Establishing a solid foundation of teamwork among students allows them to collaboratively work together and deepen their capacity to face challenge.
The first few days on an expedition or in a classroom make all the difference in shaping a group. It’s the time when we get a sense of what will be asked of us, as well as how we’ll be supported.
Outward Bound expeditions are structured around value-forming experiences—situations that call on us to rise and respond in ways we may not have expected we could, shaping our sense of who we are individually and collectively. Instructors work hard to help students lay a foundation of teamwork early on in a course, and throughout a course, so that when students face challenges down the road, they’re set up to support one another and find success.
Building a Foundation of Teamwork
One way to think about building a foundation of teamwork is through a cycle of dunking and drying. No, this isn’t about laundry! Dunking experiences push a group outside of their comfort zone. This might happen in obvious, external ways like summiting a peak, running a river rapid or navigating off-trail using a compass. Dunking into new depths might also happen socially and emotionally—sharing a vulnerable story, asking for help or sticking it out in a tough conversation to resolve a conflict.
For a team to learn from these experiences of ‘dunking,’ Outward Bound Instructors aim to intersperse them with times of ‘drying.’ The times when intensity winds down and everybody has a chance to relax, laugh, share jokes and a snack or take a nap. For a team to show up for each other in circumstances with new stressors, it’s important that the team also knows that there will be spaces on the other side to be mellow, calm and goofy.
The Progression of Teamwork
Foundations of teamwork can be laid within the first few days in any new group setting. By strategically including both experiences of ‘dunking’ and ‘drying,’ a team’s capacity to work together deepens. They will be able to confront increasingly challenging experiences together with success. That means that a challenging experience of ‘dunking’ on the first day of a group working together may eventually become a comfortable routine activity.
As groups start to form on an Outward Bound course, ‘dunking’ might look like setting up tents and sleeping outdoors for the first time or walking to a campsite through the woods in the dark. Including novel and challenging experiences that meet a group where they’re at from the start lets group members become accustomed to confronting demanding experiences together.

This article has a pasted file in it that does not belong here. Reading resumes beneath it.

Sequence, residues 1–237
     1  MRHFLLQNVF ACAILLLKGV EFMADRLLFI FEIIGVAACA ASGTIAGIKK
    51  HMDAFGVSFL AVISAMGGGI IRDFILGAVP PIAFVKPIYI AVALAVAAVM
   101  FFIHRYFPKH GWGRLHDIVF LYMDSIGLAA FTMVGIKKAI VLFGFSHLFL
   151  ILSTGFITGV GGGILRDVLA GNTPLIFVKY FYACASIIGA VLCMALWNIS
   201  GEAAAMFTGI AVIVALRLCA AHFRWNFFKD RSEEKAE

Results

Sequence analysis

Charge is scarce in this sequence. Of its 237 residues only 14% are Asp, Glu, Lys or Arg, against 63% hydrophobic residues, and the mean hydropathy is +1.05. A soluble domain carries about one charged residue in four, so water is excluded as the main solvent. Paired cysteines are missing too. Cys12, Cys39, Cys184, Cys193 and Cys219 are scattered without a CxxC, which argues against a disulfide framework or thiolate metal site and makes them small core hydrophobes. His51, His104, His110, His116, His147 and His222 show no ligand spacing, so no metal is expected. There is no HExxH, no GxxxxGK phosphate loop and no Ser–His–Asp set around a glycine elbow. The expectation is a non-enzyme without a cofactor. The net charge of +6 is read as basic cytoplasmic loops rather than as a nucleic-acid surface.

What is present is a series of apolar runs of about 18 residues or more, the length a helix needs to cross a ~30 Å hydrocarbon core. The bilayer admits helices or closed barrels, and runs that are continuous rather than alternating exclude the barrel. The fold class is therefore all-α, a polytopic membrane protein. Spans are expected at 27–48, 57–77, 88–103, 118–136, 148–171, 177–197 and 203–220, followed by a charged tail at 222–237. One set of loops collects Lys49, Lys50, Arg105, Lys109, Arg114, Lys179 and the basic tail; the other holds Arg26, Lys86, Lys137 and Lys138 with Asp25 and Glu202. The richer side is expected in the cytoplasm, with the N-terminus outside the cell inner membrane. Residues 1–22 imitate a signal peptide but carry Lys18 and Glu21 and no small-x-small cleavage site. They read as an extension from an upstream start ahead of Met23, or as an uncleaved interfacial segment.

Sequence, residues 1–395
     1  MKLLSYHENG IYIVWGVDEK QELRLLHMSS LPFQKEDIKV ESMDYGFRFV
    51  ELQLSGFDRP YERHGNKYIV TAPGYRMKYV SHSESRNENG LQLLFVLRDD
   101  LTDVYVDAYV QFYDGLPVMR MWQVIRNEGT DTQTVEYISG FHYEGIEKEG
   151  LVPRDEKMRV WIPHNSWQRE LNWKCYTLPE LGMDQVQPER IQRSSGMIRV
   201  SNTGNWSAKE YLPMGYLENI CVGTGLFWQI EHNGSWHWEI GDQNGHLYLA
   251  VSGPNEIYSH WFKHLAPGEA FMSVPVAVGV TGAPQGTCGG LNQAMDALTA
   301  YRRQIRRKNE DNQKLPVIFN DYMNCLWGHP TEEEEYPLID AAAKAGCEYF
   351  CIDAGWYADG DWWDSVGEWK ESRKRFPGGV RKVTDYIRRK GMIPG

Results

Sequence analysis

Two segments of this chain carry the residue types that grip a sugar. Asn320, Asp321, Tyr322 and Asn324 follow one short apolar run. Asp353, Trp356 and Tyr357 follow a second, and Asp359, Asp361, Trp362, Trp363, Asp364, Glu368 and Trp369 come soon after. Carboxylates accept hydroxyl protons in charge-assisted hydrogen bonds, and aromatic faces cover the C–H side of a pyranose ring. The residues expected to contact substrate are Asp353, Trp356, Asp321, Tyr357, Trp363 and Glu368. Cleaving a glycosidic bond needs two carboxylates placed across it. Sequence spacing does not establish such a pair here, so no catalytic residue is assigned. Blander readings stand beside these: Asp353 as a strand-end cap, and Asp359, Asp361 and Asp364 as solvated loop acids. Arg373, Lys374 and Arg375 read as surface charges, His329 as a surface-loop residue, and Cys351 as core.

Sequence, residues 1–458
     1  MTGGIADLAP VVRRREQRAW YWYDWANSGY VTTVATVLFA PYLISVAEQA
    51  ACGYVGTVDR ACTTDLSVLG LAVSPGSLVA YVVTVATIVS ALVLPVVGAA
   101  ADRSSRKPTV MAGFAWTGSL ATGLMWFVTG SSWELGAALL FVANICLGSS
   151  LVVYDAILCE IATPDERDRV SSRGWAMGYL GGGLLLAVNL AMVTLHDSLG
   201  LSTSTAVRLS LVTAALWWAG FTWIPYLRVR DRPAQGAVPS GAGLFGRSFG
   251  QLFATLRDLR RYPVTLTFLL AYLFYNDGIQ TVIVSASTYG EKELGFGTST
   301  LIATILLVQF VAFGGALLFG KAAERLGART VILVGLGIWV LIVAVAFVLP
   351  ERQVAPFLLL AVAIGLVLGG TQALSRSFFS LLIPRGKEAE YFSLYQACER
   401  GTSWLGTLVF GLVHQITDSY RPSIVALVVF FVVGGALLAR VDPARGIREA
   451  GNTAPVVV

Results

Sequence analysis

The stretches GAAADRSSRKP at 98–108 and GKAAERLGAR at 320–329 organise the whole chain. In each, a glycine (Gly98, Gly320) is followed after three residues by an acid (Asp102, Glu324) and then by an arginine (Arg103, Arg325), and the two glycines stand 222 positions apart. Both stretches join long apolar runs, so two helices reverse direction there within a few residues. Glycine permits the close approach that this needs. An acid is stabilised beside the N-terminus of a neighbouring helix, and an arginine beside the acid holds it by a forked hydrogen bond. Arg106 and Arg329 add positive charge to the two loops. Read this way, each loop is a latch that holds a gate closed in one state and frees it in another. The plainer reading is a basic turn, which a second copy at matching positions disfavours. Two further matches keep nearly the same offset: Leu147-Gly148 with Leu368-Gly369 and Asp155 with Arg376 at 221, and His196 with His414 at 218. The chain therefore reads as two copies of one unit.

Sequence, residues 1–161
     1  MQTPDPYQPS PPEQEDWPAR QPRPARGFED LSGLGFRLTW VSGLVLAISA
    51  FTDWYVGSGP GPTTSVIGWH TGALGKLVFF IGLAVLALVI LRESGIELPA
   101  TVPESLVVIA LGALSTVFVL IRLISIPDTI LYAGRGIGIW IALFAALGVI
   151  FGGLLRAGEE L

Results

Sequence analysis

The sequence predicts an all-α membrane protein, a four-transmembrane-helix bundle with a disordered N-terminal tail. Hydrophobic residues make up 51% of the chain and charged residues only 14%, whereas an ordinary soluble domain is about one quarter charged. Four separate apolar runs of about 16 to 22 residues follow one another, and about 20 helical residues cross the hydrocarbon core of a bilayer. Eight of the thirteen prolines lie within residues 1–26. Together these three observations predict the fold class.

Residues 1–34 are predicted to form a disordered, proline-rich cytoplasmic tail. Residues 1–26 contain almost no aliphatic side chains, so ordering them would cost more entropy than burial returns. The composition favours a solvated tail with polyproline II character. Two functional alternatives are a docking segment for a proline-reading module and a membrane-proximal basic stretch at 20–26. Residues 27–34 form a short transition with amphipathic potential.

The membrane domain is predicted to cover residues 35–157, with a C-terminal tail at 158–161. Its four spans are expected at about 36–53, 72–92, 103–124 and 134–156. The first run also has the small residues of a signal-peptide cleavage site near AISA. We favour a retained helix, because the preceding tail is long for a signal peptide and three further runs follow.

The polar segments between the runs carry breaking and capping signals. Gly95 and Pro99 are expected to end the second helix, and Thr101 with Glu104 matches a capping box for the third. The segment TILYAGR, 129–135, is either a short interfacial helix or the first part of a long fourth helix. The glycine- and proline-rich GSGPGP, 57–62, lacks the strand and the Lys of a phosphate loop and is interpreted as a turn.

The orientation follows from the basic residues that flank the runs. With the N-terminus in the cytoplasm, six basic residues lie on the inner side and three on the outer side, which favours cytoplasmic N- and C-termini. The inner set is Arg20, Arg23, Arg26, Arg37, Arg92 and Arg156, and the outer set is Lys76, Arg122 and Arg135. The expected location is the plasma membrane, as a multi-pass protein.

Initial Experiences for Teamwork Formation on an Expedition
An initial experience of ‘dunking’ might plunge a team into working together through a group initiative. Or it might emerge from the real needs of a circumstance. For example, at the start of any Outward Bound course, all food bags and group gear must be packed for the expedition. This is a great opportunity for Instructors to ask the group to independently distribute the food and gear among members, often eliciting discussions of equality versus equity and requiring a group to notice the leadership styles that emerge more readily.
Other Instructors might decide to ‘bushwhack’ off-trail to arrive at the campsite for the first time. In both circumstances, Instructors provide just enough context and knowledge for a team to interact in new ways while finding success in the initial ‘dunk.’
‘Dunking’ in a Classroom Setting
In a classroom setting, a ‘dunking’ challenge based on present needs might look like organizing an aspect of the physical or virtual space or beginning with a group project activity. ‘Dunking’ in a social-emotional context might look like asking a team a challenging go-around question, or using a think-pair-share format for a group to share a response that might feel like a stretch in a full-group setting.